A new report has given us a deeper insight into the development and launch of Cyberpunk 2077, with comments from the studio challenging the contentious write-up after its publication.
According to Bloomberg, Cyberpunk 2077’s development was even more troubled than the studio let on – even in spite of the months of delays the game eventually suffered.
A massive new report over on the site (protected by a paywall) dives into the nitty-gritty of the game’s troubled development, revealing tensions between the development staff and CD Projekt’s management. One developer told Bloomberg that working on the game was like “trying to drive a train while the tracks are being laid in front of you at the same time” and that “[staff] expected the game to be ready in 2022.”
The Bloomberg report also infers that the Cyberpunk 2077 demo that was shown off back in 2018 was “almost entirely fake”.
“CD Projekt hadn’t yet finalized and coded the underlying gameplay systems, which is why so many features, such as car ambushes, were missing from the final product,” Bloomberg noted of the demo. “Developers said they felt like the demo was a waste of months that should have gone toward making the game.”
CD Projekt studio head Adam Badowski has responded to Bloomberg and challenged that view of events in a follow-up statement, written last night (Saturday, January 16). Badowski says that the demo was always labeled a ‘work in progress’ and that features that appear in the demo but not the final game are missing thanks to “the creation process”.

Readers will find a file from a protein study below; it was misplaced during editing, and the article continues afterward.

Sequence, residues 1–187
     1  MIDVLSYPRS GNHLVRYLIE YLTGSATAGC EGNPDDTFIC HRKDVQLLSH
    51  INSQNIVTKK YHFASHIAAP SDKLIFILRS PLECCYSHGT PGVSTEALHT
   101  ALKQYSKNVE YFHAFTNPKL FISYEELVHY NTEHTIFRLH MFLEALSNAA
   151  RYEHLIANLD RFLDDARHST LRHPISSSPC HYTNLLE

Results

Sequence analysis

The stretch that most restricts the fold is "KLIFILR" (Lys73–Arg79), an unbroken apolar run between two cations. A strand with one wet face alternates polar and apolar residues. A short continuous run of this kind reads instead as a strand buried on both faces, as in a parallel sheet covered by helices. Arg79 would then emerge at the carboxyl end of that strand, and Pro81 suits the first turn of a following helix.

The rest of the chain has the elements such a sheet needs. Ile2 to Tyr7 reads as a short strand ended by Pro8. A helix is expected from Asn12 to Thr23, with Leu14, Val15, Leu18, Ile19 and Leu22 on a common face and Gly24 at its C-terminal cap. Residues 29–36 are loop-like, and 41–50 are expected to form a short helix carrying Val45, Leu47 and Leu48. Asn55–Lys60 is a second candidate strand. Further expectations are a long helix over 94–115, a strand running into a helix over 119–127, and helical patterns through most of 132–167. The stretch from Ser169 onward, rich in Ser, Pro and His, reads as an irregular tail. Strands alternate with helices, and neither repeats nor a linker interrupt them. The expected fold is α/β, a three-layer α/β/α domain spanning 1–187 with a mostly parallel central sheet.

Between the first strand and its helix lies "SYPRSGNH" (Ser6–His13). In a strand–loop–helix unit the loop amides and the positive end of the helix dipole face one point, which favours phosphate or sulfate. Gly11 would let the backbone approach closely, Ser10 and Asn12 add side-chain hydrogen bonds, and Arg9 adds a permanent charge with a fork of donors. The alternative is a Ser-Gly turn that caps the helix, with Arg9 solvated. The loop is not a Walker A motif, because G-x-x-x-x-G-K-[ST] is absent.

“Our final game looks and plays way better than that demo ever was”, he says in the statement.
— Adam Badowski⚡️ (@AdamBadowski) January 16, 2021
Elsewhere, another damning revelation from the report suggests that the game actually began development back in 2016, despite the announcement of the title in 2012. This is mostly due to a massive overhaul of the project when studio head Adam Badowski took over as director of the title and shifted the entire game from third-person to first-person.
This may give some insight into why the staff didn’t really believe the game was ever going to be ready for its 2020 launch window – and that’s something Badowski didn’t address in his quote tweet statement responding to Jason Schrier and the Bloomberg report (alongside the allegations of intense crunch in the final months leading up to release).
The report follows on from a video message published by CD Projekt co-founder Marcin Iwiński, who offered a narrative explaining the events leading up to the disastrous launch of Cyberpunk 2077 and its slipshod PS4 and Xbox One version. Iwiński blamed the game’s massive scope, noting the “multitude of custom objects, interacting systems, and mechanics” played a part in making the game feel underwhelming and broken on certain platforms.
As per the Bloomberg report, though, that’s not entirely true – developers at the studio were acutely aware of issues before launch, and CD Projekt management simply dismissed concerns about the title’s performance on last-gen machines that were raised by staff.
The response to the game so far has led both Microsoft and Sony to pull the game from sale on digital storefronts until issues are resolved. CD Projekt Red has published an FAQ on the game’s official site, providing an update on free DLC, and the promised PS5 and Xbox Series X/S patches.
The studio has assured the public that developers will not have to engage with mandatory crunch again in order to provide these updates.
“The team is working to bring relevant fixes to the game without any obligatory overtime. Avoiding crunch on all of our future projects is one of our top priorities,” the studio said (though it’s worth noting that crunch in the games industry is rarely ‘required’, it’s more often ‘expected’).
CD Projekt may face a fine following Polish consumer protection investigation into Cyberpunk 2077. Whether the studio will be able to repair the damage that’s been done to its reputation during the launch of its latest RPG remains to be seen.